When I open an illustrated novel—a treat from time gone by—I do as I have always done: I scan the illustrations from front to back to see what characters await me. When I roamed the stacks of the Cornelia Young Public Library as a young reader in Daytona Beach, the drawings whet my appetite for the tale. Through them I found my way into The Count of Monte Cristo, The Connecticut Yankee in King Arthur’s Court, David Copperfield, and other favorites of those years.

I retain some fondness for David Copperfield, for it was the first big book I loved. When I read it at 11 or 12, I was so caught up in the long arc of the story and so taken with its characters that, when their story ended, unwilling to leave them, I turned from the last page to the first and read it through all over again.

The Dickens enchantment lingered, and in the mid-70s during a visit with my parents, who by then had relocated to Pittsburgh, I asked the owner of a used-book store in Squirrel Hill to keep an eye out for a complete Dickens set. Toba, who loved her trade, soon found a set in good condition and called my parents, who bought it as a 30th birthday present for me.

The set was published in 1900 by Peter Fenelon Collier & Son. Its 30 volumes are bound in faded red cloth, and the bindings are lettered in gold. The pages of many were uncut when I got them, and some volumes are uncut still. Copious pen and ink-wash drawings by unnamed artists capture the eccentricities of Dickens’s characters and the drama (or melodrama) of his tales.

A few weeks ago I was reading a play set in contemporary Pittsburgh when a passing mention of an old, closed bookstore brought the Squirrel Hill bookstore—now closed—to mind. My thoughts turned to my Dickens set—some years had passed since I’d last dipped into it—and to a mystery within it that haunts me from time to time.  Old books can hold surprises, not all of which were placed there by authors, illustrators, or publishers.

In one volume, for example, a bookmark nicely decorated with a raised, overflowing basket of violets urged me in violet print to “Use Mennen’s Violet Talcum Toilet Powder, Admitted To Be The Best.” On the back, alongside a drawing of a well-groomed gent whose handlebar mustache drooped toward his stiff upraised collar, Mennen’s touted its talcum as “entirely different from all toilet, infant and complexion powders in principle and purpose.  It is free from starch, rice or other irritants so common in ordinary powders and so dangerous to the beauty and health of the skin.” The powder could be had from any druggist or by mail for 25 cents.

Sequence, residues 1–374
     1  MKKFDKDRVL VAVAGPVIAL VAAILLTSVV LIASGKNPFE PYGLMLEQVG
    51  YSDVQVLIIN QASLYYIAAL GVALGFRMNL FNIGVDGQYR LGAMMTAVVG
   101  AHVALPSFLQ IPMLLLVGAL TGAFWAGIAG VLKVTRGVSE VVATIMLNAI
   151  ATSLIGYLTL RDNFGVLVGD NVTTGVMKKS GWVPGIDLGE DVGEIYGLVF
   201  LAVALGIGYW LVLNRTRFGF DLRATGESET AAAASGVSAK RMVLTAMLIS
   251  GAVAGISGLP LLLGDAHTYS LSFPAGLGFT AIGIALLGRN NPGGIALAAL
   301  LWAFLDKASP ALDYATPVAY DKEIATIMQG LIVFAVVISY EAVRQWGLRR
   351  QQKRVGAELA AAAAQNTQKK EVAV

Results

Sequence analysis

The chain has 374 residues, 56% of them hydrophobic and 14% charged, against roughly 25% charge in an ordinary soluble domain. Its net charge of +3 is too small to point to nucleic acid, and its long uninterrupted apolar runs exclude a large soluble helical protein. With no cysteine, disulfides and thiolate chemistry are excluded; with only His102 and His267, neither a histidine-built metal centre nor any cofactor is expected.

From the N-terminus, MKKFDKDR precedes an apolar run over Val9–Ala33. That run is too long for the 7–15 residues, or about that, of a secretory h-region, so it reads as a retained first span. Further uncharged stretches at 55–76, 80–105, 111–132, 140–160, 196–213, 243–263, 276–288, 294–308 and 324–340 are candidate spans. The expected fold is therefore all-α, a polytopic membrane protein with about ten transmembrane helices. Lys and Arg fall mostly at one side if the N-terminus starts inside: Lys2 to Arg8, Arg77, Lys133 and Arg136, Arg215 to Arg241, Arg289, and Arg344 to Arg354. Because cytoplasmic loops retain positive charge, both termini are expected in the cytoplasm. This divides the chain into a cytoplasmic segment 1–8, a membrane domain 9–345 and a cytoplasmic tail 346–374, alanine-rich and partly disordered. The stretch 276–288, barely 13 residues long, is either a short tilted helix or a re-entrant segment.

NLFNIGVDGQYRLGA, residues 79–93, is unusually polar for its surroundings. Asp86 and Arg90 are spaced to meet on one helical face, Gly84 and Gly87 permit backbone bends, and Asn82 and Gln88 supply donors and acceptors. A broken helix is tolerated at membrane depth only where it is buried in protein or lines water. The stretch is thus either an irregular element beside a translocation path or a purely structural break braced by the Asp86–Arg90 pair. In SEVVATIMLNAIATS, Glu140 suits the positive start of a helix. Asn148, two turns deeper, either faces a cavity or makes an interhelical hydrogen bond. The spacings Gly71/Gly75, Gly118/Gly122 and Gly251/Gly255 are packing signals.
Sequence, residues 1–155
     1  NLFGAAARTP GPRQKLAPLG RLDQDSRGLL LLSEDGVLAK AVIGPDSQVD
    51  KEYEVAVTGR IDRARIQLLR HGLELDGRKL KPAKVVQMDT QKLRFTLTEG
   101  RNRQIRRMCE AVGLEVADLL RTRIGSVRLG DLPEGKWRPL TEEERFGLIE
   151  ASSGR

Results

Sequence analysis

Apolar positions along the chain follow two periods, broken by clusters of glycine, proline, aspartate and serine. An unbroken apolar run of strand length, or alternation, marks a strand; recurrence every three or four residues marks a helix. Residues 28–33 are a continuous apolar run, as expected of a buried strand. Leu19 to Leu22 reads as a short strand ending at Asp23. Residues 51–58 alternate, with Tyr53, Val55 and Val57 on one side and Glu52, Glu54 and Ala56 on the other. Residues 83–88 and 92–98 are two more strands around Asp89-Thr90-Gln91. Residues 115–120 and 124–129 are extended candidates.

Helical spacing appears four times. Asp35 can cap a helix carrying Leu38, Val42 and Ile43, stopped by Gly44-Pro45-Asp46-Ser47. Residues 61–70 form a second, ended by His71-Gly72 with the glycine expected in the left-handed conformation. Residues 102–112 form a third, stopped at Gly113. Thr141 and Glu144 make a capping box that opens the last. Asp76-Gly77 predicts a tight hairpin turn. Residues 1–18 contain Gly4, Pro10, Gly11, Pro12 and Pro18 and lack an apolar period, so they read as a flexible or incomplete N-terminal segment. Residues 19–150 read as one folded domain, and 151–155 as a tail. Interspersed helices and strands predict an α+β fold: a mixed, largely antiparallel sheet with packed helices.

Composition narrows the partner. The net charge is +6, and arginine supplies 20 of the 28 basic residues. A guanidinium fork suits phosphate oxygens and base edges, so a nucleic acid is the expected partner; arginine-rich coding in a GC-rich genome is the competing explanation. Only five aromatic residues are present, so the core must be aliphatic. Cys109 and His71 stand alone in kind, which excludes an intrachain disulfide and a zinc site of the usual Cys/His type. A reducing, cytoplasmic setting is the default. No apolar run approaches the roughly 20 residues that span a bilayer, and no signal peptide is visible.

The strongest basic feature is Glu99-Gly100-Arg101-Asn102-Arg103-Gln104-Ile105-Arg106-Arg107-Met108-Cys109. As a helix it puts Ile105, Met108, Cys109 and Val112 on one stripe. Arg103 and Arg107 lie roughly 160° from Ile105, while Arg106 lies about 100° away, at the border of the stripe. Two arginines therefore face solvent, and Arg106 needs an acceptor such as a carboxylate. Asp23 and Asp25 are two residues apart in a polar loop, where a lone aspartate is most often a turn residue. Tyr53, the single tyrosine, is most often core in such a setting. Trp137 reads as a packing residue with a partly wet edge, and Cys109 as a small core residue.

Elsewhere, a yellowed scrap torn from a daily paper featured a full set of false uppers, gums and all, and guaranteed a 22k gold crown to anyone who brought $1.00 and the ad to Davis Dental Parlors the next week.  An adjoining advertiser assured men suffering loss of sexual power, “I care not who has treated you for this condition and failed, as I have taken hopeless cases whose very life had been drained out of them and restored to them all manly vigor and strength.”

My mystery bookmark, however, was not these but rather a proof strip of four photographs. Two young women sit together photographed from the waist up, both with dark hair swept into pompadours of the “Gibson Girl,” turn-of-the-century style. Both wear summer dresses of loose-cut, white fabric; one has a ruffled collar, the other a stiff, straight, pinned collar and a watch pin on her shoulder. In three photos, the women look directly at the camera, and in one of these, the woman with the watch holds a parasol behind their shoulders. In the fourth they are turned slightly toward each other and smile into each other’s eyes. I think of the women as sisters though a family resemblance is not strong. No writing tells their names.

I first came upon these mystery sisters in Bleak House some years back (a book lawyers should read). I no longer remember if I found the photo strip as I reached the page it marked or if it slipped out as I thumbed through illustrations at the start.  In either case, it startled me.  There they were as once they were but who? I could imagine them preparing for the photographer, selecting their dresses, pinning up their hair, pinning on the watch, laughing over the parasol as they undertook to capture that moment of their time.

What of it? Why dwell on it? Their photos may preserve a moment of past time, but not a moment of my time. And I have ample personal reminders how much of my time lies behind me. My parents are gone now. Within our family, almost all of their generation is gone.  The task of organizing my own family albums extends before me, the photos moving and painful to contemplate, and I face it only a little at a time. Little by little, people and places I remember succumb to time’s eraser.  (On a recent trip to Daytona, I discovered that the Cornelia Young Public Library is gone now, though the old building that housed it is historic and the town must find some use for it.)  Times change. The two women captured in a photo strip more than 100 years ago are nothing to me.

I suppose, though, that their very anonymity gives the photographs their power. (They are also easier to contemplate than the youthful photos of my own departed.) They once were something to someone and their photos belong in someone’s album, but whose? With no way to trace them—my Dickens bears no bookplate—I return them to the bleak house of a book where they have reposed for more than a century and may rest for decades more before another reader in another time turns a page and finds them and muses over the blankness of their page. There they are as once they were but who?

When we’ve wandered all our ways, said Raleigh, Time shuts up
The story of our days—Raleigh beheaded, his life like a book.

From the poem Book by Robert Pinsky, Selected Poems (Farrar Straus Giroux 2011)